Accumulating cheap used books over the years, I ended up with 6 Perry Mason books. When I finally got around to reading our Erle Stanley Gardner books last year, I was pleasantly surprised at how great they are. I have now read all 6 that we own and they are all equally enjoyable. As with many great things, I am unable to fully pinpoint what makes Gardner's writing so great. Everything just comes together perfectly - plot, pacing, settings, economy of verbiage.

From this Webpage, I see that is Perry Mason #70. This one follows the format of the other 6 I've read and likely the format of the 60some others too. I guess if it works, don't mess with it. And it works. Though I don't know exactly how. Perry and Della remain two dimensional people who have no personality outside of work. The writing is pretty humorless, though not dry. Somehow it all just works.

I won't write about the plot because with 70 books, it doesn't really matter. Like all Perry Masons, it's interesting, rock solid and well paced, and that's all that's worth saying about it.
5,200 reviews53 followers
January 24, 2015
#70 in the Perry Mason series. Perry's client has found a blackmail note in his stepdaughter's room and is convinced she has somehow discovered his secret and will pay blackmail to keep it. Perry's advise to go to the police is ignored so he comes up with a scheme to intercept the blackmail money and confuse the blackmailer. Complex - scheme, plot, characters - but enjoyable.

#70 Perry Mason series - Harlow Bissenger Bancroft is head of a corporate empire and happily married. None of his lawyers can help him however when a blackmailer threatens his family's future. After he calls upon Perry Mason for help, the blackmailer is found dead.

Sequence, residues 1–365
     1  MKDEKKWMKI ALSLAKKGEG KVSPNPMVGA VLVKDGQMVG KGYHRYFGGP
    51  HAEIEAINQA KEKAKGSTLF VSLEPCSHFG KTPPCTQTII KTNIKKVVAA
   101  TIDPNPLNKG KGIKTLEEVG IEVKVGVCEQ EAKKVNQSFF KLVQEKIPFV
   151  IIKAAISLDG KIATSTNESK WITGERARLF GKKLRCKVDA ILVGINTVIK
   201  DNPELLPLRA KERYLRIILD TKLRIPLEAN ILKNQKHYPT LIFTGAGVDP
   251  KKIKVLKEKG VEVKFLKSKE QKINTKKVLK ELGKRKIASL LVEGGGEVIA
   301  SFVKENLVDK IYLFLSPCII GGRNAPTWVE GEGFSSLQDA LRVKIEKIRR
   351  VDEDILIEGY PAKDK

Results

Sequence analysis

403 reviews1 follower
June 10, 2015
In a time when people hid their family's dirty laundry, blackmail was easy. In this story, it seems like everyone has something to hide and they are all doing it to protect the rest of their family. Since it is a Perry Mason novel, there is a court room scene but much of the action takes place before they enter court. Of course, as Perry always does, the real truth comes out in a startling way at the very end. I think what I liked most about this one was the clever ways that the blackmailers behave and how others react.
Profile Image for Chazzi.
988 reviews6 followers
February 4, 2016
This one had a few more twists, but still was good. There were enough clues to come up with a possible solution, but there was still some doubt. Of course there was the dramatic courtroom scene with Perry taking control.

I enjoyed the mention of some of the areas that really do exist and the references to places that do exist but are given different names. Local colour.

Perry Mason is a favourite of mine and a good escape and quick read. Old friends.
Profile Image for Vincent Darlage.
Author 23 books46 followers
December 8, 2013
Not the best Perry Mason novel, but not too bad. He pulled a neat trick to expose the murderer. The premise was nice, but somehow I just didn't care much about the characters. This is one of the weaker books. It didn't have the usual passion in it that many of the others have.
Profile Image for Rupesh Goenka.
598 reviews17 followers
June 5, 2017
An average-merit Perry Mason murder mystery. The defense attorney whose methods of saving his clients are both daring & unconventional, but eventually they pay off.
Perry Mason dialogue - ''If you want a lawyer who doesn't take chances, get someone else...''
Profile Image for Athul Raj.
293 reviews5 followers
July 12, 2011
An average thriller/ mystery. Not as exciting as Chase novels.
Profile Image for Les Anderson.
55 reviews
June 30, 2016
What a great story. Mason's legal maneuvers, even before the murder, are good and quick. I'm not sure how Mason knew the truth though.
Profile Image for False.
2,262 reviews10 followers
July 24, 2022
The Perry Mason novels have the same pattern you see in the TV series; the complicated, not-too-gory homicide, involving a host of suspects including at least one beautiful woman, followed by a trial that ends with Mason exposing the true culprit. Paul Drake and Della Street are like you see them on TV, but Mason is a much livelier character than Raymond Burr's rather monolithic and staid portrayal. This Mason grins a lot - Burr never managed more than a wry smile - and freely uses words like "Hell" and "damn". In the earliest Mason books, he was always using his fists.

Also, in this story, there is no Tragg or Hamilton Burger, but per usual, Paul Drake is used to the point of abuse--missed meals, long nights, underpaid and exposed to all sorts of weather conditions.